Common Ground: Are We Expecting Too Much?

Frances Kissling

When moral absolutes collide, claiming you can end the cultural divide with a public policy prescription may actually be an obstacle to achieving more modest, but valuable, objectives.

There are days
when I think if I hear one more antiabortion evangelical or Catholic
"progressive" tout his or her efforts to end the culture wars by
creating a "common ground" position on abortion I will turn into the
nonexistent irrational radical feminist extremist bitch they already
think I am. And I actually believe in the search for common ground. But
I believe in the search and in the process, which is an end in and of
itself.

When people who disagree passionately on something
important to them take the time to sit down and engage each other, good
things happen. At a minimum, they find out the "other" is a human
being, not the devil incarnate.

But rarely do such efforts culminate in
common ground on public policy and then only after years of very hard
work. Multiple efforts to bring Israelis and Palestinians together
haven’t brought peace to the Middle East and the process of bringing an
end to the "troubles" in Northern Ireland took forever. And when near
moral absolutes clash, as they do on abortion, claiming you can end the
cultural divide with a public policy prescription may actually be an
obstacle to achieving more modest, but valuable, objectives. Even the
convening power of the White House, which is holding a series of
meetings with advocates and opponents of a woman’s right to choose, may come up short on
results.

One of the problems with the current efforts, including
those of the White House and aforementioned evangelicals and Catholics,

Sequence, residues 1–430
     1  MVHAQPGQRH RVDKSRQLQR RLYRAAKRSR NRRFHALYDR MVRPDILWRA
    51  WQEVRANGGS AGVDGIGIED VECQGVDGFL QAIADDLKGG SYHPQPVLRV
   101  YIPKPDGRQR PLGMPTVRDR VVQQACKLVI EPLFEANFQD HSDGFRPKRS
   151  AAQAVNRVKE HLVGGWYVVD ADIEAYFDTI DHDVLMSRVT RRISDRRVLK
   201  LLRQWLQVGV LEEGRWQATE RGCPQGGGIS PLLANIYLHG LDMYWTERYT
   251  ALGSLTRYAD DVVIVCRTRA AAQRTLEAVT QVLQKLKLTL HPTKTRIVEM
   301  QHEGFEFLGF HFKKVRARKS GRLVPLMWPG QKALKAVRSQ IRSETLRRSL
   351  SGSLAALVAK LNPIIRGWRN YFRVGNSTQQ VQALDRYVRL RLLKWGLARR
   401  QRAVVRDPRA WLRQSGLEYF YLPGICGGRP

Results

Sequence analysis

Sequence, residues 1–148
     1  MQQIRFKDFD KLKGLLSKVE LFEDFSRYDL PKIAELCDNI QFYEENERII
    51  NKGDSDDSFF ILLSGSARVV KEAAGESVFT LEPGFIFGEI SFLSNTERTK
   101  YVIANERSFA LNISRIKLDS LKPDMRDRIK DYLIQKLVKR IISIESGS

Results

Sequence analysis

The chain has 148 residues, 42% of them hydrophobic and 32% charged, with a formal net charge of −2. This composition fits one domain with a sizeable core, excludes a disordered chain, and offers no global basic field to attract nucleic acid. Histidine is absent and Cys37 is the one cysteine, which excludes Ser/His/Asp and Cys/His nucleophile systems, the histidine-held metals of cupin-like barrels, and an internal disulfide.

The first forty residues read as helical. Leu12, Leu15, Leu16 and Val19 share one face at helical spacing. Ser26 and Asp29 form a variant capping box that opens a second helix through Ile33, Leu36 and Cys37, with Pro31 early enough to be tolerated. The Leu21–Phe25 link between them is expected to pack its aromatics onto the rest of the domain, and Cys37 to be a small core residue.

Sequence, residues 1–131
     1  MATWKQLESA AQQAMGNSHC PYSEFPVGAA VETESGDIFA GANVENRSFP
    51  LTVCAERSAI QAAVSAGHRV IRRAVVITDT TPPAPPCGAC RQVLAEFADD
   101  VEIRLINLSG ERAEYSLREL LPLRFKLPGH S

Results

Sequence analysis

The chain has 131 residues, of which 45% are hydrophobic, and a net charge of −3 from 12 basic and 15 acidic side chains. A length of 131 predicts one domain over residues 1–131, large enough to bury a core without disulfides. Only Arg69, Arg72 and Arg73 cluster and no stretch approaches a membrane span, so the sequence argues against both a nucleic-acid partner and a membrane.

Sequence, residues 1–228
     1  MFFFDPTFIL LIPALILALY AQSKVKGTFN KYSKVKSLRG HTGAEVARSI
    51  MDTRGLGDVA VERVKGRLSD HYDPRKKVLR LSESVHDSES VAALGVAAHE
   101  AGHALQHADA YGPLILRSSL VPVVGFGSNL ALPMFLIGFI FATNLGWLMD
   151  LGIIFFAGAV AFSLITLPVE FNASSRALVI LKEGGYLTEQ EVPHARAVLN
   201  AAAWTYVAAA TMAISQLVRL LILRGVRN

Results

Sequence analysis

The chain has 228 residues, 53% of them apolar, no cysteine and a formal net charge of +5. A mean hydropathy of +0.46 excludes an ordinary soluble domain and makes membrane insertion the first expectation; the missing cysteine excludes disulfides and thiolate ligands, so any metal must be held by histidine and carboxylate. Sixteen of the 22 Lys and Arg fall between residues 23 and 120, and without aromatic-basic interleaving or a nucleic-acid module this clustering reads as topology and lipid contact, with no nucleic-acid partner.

is that too small a group decided on the components of common ground
and is now trying to get others to "buy in" to a prepackaged
conclusion. Those outside the White House who started the common ground
ball rolling had some heavy-duty personal and political objectives
fueling their efforts. Longtime old-style progressive religionists like
Jim Wallis and social justice, peacenik Catholics joined forces with
socially conscious megachurch pastors like Rick Warren and Joel Hunter.
Some had always been aligned with the Democratic Party, others may have
sensed they could have unique influence in a party sensitive about its
polling weakness with weekly churchgoers. But they were also motivated
by their values. To their credit, evangelicals in particular have moved
closer to accepting that poverty, world hunger and the environment are
moral issues, and on those positions they are more in line with the
Democrats than the Republicans.

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Abortion was the stumbling block. But the Democrats,
stinging from the 2004 election debacle, were eager to accommodate.
Left out of the deal, however, were women, whom the party has always
taken for granted and whom the antiabortion evangelicals and Catholics
consistently ignore.

Recognizing that they probably won’t succeed in making
abortion illegal, the Democrats’ faith-based allies decided that they
could still use their moral disapproval to shape policy. They asserted
that the number of abortions that takes place in America constitutes a
moral tragedy and called for initiatives that would reduce the number
of abortions. According to their mind-set, this was common ground, an
abortion-neutral prescription for ending the culture war.

But the common ground they had found was among themselves
and themselves only; they just expected everyone else to agree. The
arrogance in this has led not to a diminution of the culture war, but
to a sharpening of the cultural divide. Had they bothered to consult
people who know something about common ground, they might have actually
found a way not to go to war even if they could not find a way to agree.

The Family Institute of Cambridge, Mass., got involved in
common ground efforts in 1989. Laura Chasin, a family therapist at the
institute, was watching a television debate on abortion and was struck
by the similarity of the interactions between the debaters with those
she observed in family therapy. She wondered if some of the techniques
used to help families understand each other and interact in a healthy
way could be applied to abortion.